360 video technology makes a revolutionary splash in NZ marine research
FYI, this story is more than a year old
New video technology is currently revolutionising marine research in Auckland’s Hauraki Gulf Marine Park.
Auckland Whale & Dolphin Safari are taking advantage of these technologies, using Samsung Gear 360 products to capture 360° footage of marine mammals in their natural environment.
The excursions have been operating out of Auckland for the past 15 years, with their vessel 'Dolphin Explorer' the primary research platform in Auckland. For marine life enthusiasts unable to take the tour, this technology also provides an incomparable opportunity to take a virtual tour out to sea.
Andy Light is captain of the Dolphin Explorer, he’s been testing out the new technology since it was released. Light is very excited about the opportunities it presents for both tourism and marine research nationwide.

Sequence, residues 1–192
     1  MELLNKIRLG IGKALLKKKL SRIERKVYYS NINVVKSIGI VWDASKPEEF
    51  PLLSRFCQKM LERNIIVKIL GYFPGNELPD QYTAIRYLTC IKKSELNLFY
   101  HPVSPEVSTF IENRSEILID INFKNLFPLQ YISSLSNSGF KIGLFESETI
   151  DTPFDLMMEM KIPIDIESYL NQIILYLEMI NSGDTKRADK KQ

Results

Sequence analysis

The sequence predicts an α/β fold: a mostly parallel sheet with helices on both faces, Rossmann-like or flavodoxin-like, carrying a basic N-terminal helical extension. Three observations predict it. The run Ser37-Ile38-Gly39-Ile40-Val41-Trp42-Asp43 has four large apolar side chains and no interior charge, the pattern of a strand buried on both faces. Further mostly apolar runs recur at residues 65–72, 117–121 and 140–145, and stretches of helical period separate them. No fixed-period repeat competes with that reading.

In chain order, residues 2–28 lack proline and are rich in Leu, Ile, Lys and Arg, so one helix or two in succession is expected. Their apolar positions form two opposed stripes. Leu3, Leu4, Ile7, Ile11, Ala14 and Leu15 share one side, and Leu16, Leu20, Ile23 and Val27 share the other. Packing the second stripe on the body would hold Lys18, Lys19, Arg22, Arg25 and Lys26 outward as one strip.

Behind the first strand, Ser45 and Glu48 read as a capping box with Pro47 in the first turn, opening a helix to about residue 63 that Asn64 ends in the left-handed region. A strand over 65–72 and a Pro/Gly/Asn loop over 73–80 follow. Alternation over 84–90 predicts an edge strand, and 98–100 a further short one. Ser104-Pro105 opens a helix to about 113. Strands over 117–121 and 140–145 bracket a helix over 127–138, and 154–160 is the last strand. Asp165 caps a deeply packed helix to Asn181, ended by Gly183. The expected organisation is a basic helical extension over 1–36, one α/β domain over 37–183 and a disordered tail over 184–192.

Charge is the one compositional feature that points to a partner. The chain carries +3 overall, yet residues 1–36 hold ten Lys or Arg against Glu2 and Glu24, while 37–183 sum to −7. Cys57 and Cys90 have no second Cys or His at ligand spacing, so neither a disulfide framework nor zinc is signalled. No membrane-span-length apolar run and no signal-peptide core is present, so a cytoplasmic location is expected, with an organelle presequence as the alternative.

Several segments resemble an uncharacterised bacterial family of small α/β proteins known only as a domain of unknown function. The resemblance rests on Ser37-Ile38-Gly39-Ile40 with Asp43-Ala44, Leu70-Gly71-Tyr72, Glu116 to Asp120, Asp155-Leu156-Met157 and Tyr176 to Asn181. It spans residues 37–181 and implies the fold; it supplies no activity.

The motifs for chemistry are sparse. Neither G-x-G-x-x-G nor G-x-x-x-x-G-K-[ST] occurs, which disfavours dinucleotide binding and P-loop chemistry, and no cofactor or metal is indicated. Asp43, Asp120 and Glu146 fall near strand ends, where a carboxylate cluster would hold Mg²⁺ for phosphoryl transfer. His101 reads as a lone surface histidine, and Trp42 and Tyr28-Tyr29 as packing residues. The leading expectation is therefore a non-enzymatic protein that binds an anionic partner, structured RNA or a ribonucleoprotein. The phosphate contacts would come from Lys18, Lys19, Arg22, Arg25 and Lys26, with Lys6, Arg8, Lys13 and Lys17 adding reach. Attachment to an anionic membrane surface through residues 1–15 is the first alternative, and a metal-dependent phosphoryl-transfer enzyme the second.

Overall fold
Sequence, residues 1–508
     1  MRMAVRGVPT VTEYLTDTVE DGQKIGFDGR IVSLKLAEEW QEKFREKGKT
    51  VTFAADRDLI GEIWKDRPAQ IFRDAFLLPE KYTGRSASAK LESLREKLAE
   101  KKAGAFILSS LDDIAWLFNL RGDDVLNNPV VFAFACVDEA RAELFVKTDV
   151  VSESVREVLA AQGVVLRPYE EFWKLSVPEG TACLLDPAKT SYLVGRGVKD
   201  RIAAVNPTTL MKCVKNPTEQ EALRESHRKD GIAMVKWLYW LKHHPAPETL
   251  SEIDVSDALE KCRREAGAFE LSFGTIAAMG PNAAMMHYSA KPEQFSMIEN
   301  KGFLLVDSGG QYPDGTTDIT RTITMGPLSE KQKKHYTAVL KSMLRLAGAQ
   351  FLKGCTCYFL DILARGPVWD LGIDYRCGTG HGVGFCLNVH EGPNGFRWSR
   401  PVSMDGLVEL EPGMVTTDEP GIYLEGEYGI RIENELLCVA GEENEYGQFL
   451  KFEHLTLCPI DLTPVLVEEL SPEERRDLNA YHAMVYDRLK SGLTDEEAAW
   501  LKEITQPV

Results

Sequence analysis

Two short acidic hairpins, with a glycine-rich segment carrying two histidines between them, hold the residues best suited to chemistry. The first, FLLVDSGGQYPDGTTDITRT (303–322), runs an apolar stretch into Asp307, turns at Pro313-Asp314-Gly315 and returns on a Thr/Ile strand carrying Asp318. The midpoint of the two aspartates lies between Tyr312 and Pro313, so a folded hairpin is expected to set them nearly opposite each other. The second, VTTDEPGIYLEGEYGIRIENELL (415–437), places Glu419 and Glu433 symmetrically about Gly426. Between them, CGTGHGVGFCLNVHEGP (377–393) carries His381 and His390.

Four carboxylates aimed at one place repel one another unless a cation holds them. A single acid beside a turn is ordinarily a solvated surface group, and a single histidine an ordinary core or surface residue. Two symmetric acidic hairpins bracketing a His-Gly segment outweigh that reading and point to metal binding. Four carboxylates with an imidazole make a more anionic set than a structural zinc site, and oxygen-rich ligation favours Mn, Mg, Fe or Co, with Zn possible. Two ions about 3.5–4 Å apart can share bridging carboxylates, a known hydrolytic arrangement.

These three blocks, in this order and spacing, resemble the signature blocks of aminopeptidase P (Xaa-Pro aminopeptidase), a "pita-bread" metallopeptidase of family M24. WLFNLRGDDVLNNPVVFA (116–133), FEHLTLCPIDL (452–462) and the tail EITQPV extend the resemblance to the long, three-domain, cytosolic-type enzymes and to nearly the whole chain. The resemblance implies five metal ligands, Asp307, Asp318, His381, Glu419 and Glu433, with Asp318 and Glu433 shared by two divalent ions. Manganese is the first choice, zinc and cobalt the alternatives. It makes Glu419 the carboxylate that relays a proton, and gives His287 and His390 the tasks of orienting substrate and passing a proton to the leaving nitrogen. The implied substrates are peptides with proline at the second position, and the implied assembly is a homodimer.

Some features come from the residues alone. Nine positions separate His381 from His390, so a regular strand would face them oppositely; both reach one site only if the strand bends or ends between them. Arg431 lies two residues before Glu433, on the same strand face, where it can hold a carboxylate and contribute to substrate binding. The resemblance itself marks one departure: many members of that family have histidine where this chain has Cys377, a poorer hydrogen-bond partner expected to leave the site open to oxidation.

“Previously, we have only been able to identify and document the behaviour of these animals through still or video photography, where it seems no matter which way you point the camera, you can never get the full picture,” says Light.
“The ability to capture an environment in 360 at the control of a smartphone completely revolutionises the way that data about these animals can be collected,” he adds.
Such incredible video content also enables the organisation to reach a much broader audience for future passengers and funding prospects.
The company already has a DJI Phantom 2 Vision Plus drone and an OpenROV underwater camera, which they use whenever possible.
However, the new evolution in their technology came about during a recent VR event.
“I was blown away just by what they had at demo stage,” comments Light.
“Once I saw how accessible the 360 camera was, I thought, ‘Why can’t we do that?’I even took the headset into our local after work the other night – everyone wanted a turn!”
Auckland Whale & Dolphin Safari believe the data the Gear 360 can eventually help them to collect is priceless.